Optimizing Cryoballoon Ablation: Patient Tailored AF Treatment With Arctic Front Advance Pro™
Experts in electrophysiology will showcase the science and evidence behind the 4th generation Arctic Front Advance Pro™ cardiac cryoablation catheter and highlight the latest clinical evidence. The presenters will each draw on their clinical experience, for an in-depth discussion on improvements made in cryoballoon AF ablation and share practical advice to tailor the procedure to the individual patient.
The first Arctic Front™ cardiac cryoablation procedure took place in 2005, and since then, over 500,000 patients have been treated with the Arctic Front™ family of cardiac cryoablation catheters in over 1,600 centers worldwide.1 The efficiency benefits of this unique single-shot therapy are obvious and well documented in more than 800 peer-reviewed scientific articles. The results of the landmark FIRE AND ICE and CRYO4PERSISTENT AF trials highlight an important global shift to value-based healthcare, measured by the ability to standardize the index PVI procedure. The impact on patient outcomes as well as the economic value for the global healthcare systems is significant.
This webinar is supported by
Key Learning Objectives
- improvements made with the 4th generation Arctic Front Advance Pro™ cardiac cryoablation catheter and latest clinical data.
- updates on dosing protocols to tailor AF ablation to the individual patient (vein).
- tips and techniques to improve visualization of time-to-isolation (TTI).
- Cardiac electrophysiologists and allied health professionals performing and assisting during cryoballoon AF ablation procedures.
- Healthcare professionals using alternative AF ablation techniques.
- Referring healthcare professionals treating AF patients will also find this topical.
Dr. Metzner has been a Senior physician (Oberarzt) at the cardiac electrophysiology department at the Asklepios Klinik St. Georg in Hamburg, Germany, since 2013. He and his colleagues, under the leadership of Prof. Karl-Heinz Kuck, perform more than 2,000 cardiac ablations per year and are continuously engaged in the development and evaluation of innovative treatment options for cardiac arrhythmias.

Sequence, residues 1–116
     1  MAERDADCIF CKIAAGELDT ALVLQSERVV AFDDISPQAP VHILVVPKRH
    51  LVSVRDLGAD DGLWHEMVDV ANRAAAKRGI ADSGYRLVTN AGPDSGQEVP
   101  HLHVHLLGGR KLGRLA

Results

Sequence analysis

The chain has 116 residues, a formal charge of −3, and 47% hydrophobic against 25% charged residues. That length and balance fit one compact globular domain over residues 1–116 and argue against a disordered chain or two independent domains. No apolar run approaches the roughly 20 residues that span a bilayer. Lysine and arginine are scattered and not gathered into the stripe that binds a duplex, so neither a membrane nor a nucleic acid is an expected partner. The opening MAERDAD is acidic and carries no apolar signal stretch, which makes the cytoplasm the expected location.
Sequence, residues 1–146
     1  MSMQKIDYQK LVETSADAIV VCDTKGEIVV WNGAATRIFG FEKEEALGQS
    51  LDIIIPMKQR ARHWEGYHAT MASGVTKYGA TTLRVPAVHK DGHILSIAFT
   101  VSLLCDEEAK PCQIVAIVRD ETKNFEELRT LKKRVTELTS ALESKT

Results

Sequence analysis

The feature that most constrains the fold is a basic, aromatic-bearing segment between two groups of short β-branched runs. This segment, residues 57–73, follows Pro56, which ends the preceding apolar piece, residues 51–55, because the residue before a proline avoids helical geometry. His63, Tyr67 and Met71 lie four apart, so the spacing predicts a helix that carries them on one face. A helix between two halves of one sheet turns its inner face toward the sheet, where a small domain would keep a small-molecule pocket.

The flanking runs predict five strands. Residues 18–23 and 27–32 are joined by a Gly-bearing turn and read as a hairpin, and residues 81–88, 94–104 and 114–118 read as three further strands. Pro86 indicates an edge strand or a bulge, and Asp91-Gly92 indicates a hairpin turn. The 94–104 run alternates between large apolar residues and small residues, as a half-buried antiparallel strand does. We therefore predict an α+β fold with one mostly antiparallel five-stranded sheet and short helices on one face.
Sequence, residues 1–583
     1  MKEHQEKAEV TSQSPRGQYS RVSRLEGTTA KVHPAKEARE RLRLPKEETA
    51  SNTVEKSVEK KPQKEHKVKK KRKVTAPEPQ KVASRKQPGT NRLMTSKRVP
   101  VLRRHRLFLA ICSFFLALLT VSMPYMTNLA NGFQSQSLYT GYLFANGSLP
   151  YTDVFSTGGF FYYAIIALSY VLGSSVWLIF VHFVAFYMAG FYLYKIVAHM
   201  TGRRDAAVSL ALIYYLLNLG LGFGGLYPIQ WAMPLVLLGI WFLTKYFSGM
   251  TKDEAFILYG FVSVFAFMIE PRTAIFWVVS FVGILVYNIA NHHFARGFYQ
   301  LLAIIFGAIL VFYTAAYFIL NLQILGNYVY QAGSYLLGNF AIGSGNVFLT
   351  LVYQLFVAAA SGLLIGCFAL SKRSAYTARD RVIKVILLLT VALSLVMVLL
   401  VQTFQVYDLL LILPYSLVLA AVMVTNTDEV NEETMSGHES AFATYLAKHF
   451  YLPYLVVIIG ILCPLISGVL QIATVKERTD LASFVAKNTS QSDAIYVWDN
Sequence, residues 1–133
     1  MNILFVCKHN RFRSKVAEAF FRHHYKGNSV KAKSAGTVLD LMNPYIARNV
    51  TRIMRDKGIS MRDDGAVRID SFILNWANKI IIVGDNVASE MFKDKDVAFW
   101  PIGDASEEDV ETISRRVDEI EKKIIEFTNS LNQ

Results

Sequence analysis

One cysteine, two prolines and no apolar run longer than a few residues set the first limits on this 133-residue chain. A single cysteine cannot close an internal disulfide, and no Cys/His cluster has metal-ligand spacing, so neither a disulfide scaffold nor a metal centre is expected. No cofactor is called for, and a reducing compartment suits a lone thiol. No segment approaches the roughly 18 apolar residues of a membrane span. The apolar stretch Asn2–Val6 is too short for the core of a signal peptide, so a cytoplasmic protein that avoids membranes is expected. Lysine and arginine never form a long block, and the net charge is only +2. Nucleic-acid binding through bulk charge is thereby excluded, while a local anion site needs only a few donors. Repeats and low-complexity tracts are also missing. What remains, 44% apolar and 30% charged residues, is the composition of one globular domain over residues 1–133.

Dr. Metzner is committed to teaching and is a European lecturer and an international expert in atrial fibrillation ablation. He is an established researcher and author, and has published and co-authored over 100 scientific papers. Dr. Metzner is a member of the German Cardiac Society and the European Heart Rhythm Association.
Prof Dr Serge Boveda, Clinique Pasteur, Toulouse, FRProf Dr Boveda (MD, PhD, FESC, FEHRA) is a specialist in cardiovascular diseases and the interventional treatment of cardiac arrhythmias since 1994. He is co-head of the Cardiac Arrhythmia Management Department at the Clinique Pasteur Toulouse (France), and Guest Professor for education in the postgraduate course of EP & Pacing, and research in the domain of EP at the Brussels University of Medicine (VUB).He is currently the president of the arrhythmia working group of the French Society of Cardiology (SFC) since 2018, and faculty of the French national graduation on cardiac arrhythmias (Diplôme Inter Universitaire de Rhythmologie) since 2002.Finally he is the co-founder and coordinator of the European Network for the Treatment of Cardiac Arrhythmias (RETAC), and the co-chair of EHRA's Scientific Documents Committee in 2018-2020.
Dr Tarv Dhanjal, University Hospital Coventry & Warwickshire, NHS Trust, UKDr. Dhanjal is a Consultant Cardiologist, Electrophysiologist and honorary Associate Clinical Professor of Cardiology at the University Hospital Coventry & Warwickshire; University of Warwick and was previously Clinical Lecturer in Cardiology at St. Thomas' Hospital, UK. His expertise is in complex ablations: AF ablation and VT ablation. He has won many prizes, and is a published researcher and book author. Dr Dhanjal is also a fellow of the European Society of Cardiology (ESC) and member of the Royal College of Physicians (MRCP), British Medical Association, British Cardiac Society, Heart Rythmn Society and the Medical Defence Union.